My rambling on the 8SL, excreted from my mind just for you:
Using the double-flanged tips is mandatory as the 8SL incorporates the resonant ear canal peak into the tuning, making the timbre sound like plasticky garbage (read: like the Solaris) without deep insertion, although the single-flange makes the soundstage very wide by IEM standards.
Overall sound signature is a more neutral-ish variation on the fun mainstream chi-fi V-shape (thin-ish lower mids, boosted bass and treble).
Bass is boosted above what I'd consider neutral but is on the low end of consumer mainstream. VX is what I'd consider neutral, which is difference #1. I actively avoid esoteric tunings that would make your non-audiophile friend complain about the sound being boring, so I personally consider that a plus. Bass quality is the meh you'd expect from BA bass, lacking the meaty, speaker-like thump and sub-bass rumble you get from DD IEMs or the U12t. It's not at the level where I can't recommend it for electronic, but the U12t's meatier bass makes it better for the genre. Upper bass is a bit muddy, too (by TOTL standards).
Midrange balance is Harman-ish, thinner-than-neutral lower mids but with milder upper mids, adding depth and removing the harshness for people who find the likes of Moondrop unpleasantly shouty. Some of the best midrange resolution I've heard, slightly less than the VX and U12t but ahead of the pre-2020 CA Andromeda, Moondrop A8, and Fearless S8P.
Treble tuning with lower treble dip + mid- and upper treble boost adds definition, but makes the timbre sound softer than natural (difference #2 from the sharper VX), though I think it's at still at a level where few people would dislike it, makes cymbal decay sound a bit too long, and adds an odd crispness at the top, though non-sticklers probably won't mind that, either. Audio quality is more dependent on the source music than with the likes of the pre-2020 Andros, U12t, or other chi-fi; you really want music with >10 kHz present. Upper treble might be a bit zingier than the U12t and can get fatiguing after several hours if you're listening to music that has boosted upper treble (read: modern pop).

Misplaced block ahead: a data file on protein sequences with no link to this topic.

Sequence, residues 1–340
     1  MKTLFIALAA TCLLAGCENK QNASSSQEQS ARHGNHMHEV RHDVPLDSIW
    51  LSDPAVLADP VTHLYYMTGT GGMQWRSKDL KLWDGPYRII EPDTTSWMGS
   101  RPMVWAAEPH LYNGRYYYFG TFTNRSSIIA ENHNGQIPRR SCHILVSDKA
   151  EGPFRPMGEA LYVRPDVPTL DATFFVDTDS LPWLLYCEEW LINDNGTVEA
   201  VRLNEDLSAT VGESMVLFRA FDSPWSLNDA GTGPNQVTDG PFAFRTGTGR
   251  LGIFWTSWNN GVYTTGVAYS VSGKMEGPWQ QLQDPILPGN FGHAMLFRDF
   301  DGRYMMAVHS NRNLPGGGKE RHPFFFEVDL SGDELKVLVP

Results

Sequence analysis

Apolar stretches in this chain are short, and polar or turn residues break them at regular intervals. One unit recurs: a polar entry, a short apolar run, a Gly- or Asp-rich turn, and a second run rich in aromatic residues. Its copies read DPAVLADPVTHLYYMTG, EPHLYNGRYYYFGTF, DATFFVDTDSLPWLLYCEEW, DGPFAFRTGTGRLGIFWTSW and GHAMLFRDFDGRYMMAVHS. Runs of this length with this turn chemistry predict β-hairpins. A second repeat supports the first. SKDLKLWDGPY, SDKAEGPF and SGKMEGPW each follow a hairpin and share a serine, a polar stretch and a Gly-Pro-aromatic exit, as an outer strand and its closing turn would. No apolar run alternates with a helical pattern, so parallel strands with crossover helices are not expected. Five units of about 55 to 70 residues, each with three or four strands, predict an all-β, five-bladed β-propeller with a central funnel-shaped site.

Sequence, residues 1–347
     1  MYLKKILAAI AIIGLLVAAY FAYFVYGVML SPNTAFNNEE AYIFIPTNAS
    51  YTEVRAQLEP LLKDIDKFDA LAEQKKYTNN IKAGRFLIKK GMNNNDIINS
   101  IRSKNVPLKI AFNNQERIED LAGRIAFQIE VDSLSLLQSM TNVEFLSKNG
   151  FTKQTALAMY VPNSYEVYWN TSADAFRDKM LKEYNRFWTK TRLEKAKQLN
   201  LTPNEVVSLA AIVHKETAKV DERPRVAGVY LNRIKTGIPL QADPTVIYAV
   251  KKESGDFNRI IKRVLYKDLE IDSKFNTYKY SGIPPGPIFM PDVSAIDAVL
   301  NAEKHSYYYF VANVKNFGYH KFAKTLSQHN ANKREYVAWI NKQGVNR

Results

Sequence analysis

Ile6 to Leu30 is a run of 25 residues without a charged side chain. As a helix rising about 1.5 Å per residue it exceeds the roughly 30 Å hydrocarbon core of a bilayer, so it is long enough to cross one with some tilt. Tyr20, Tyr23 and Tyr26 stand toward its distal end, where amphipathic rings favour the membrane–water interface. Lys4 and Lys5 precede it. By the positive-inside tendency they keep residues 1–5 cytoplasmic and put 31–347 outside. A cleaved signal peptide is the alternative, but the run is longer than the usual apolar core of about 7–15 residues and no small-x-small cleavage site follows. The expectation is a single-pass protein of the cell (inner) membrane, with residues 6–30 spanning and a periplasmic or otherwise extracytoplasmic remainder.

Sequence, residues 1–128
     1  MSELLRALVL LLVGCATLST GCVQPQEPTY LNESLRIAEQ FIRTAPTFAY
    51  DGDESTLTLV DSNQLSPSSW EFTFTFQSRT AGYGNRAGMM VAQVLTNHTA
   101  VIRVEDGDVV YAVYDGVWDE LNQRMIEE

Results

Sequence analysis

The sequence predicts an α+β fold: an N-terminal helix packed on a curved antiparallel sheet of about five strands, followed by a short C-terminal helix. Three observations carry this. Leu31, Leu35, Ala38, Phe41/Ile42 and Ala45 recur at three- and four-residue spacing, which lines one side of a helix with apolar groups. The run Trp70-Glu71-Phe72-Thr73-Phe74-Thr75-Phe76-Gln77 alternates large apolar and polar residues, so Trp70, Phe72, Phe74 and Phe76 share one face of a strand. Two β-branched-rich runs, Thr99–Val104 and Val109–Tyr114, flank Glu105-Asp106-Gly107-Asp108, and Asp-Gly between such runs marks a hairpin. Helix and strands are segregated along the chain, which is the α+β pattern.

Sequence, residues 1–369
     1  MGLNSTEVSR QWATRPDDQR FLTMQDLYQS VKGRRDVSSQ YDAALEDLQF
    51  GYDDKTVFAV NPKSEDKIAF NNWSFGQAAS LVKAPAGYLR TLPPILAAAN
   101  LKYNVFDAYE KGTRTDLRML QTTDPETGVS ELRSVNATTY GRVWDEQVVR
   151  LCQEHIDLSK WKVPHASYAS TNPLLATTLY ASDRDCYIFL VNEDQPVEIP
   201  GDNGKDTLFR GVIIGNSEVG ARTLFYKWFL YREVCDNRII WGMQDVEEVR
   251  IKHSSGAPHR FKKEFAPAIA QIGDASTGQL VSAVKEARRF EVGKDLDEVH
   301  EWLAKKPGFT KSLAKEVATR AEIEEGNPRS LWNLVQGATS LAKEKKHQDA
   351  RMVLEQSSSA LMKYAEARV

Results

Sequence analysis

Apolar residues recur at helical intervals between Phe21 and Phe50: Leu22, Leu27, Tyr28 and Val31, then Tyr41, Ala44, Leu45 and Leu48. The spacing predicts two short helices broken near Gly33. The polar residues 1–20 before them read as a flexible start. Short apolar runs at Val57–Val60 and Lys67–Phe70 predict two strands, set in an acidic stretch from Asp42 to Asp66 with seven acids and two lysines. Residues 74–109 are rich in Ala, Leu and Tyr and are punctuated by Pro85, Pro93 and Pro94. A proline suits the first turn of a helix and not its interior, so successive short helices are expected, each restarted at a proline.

Vocal balance: male vocals sound a bit thick and reasonably forward, pretty nice for rock, but female vocals sound more distant and lacking in presence than ideal because of the thin lower mids and boosted upper bass, hurting intelligibility a bit. Not bad to the extent that I can't recommend it for pop, though, unlike with the A8 where certain vocals seemed to blend into the rest of the music.
Stereo imaging isn't pinpoint like the U12t but sounds more natural, not hazy or blurry. Great instrument separation even by over-ear standards, though it still falls significantly short of the HD800S. Would very much recommend for orchestral classical. However, bass imaging has an odd forwardness to it, as if drums were ahead of other instruments. Soundstage has reasonably good depth and extends to 1.2 head widths to my ears; a benefit of the boosted upper bass. Wider than the VX, difference #3. It would probably sound wider to the average person.
Overall, I'd call it a safe all-rounder pick. I'd put it somewhere between A+ and S- on the Crinacle chart (edit: I don't know if anyone cares, but I'd rank U12t at S+, Anole VX at S/S-, A8 and pre-2020 Andromeda at A, JVC HA-FDX1 and S8P at A-, Solaris at B+, MH755 at B, FiiO F9 Pro at C+/B-. I guess I can recommend the 8SL if you can get it for the $750-$900 used rate, but not at MSRP unless money is no object for you or you really like its tuning, as you could just get a used U12t at $1400.
edit: There's a little bit of hollowness with vocals on the QDCs that isn't there on the U12t with its crisp lower treble, while the latter can get slightly more sibilant at times.